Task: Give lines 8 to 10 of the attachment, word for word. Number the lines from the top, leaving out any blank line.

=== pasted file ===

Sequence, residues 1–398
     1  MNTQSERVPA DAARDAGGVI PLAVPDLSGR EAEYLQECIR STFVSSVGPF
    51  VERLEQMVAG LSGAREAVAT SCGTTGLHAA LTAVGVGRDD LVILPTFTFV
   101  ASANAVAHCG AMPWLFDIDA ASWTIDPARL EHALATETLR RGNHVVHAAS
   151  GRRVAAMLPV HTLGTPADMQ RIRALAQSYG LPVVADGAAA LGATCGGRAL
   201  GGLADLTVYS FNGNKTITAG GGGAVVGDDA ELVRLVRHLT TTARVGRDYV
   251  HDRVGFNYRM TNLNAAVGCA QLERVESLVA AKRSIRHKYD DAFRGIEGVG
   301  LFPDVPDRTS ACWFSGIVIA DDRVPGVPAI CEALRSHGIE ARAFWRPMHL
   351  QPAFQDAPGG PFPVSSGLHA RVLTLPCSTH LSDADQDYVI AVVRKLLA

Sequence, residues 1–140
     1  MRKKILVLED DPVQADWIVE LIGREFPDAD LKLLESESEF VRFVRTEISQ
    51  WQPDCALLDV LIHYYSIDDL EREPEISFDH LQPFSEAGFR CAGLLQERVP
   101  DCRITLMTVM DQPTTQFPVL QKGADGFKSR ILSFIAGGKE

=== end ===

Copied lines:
   301  LFPDVPDRTS ACWFSGIVIA DDRVPGVPAI CEALRSHGIE ARAFWRPMHL
   351  QPAFQDAPGG PFPVSSGLHA RVLTLPCSTH LSDADQDYVI AVVRKLLA

Sequence, residues 1–140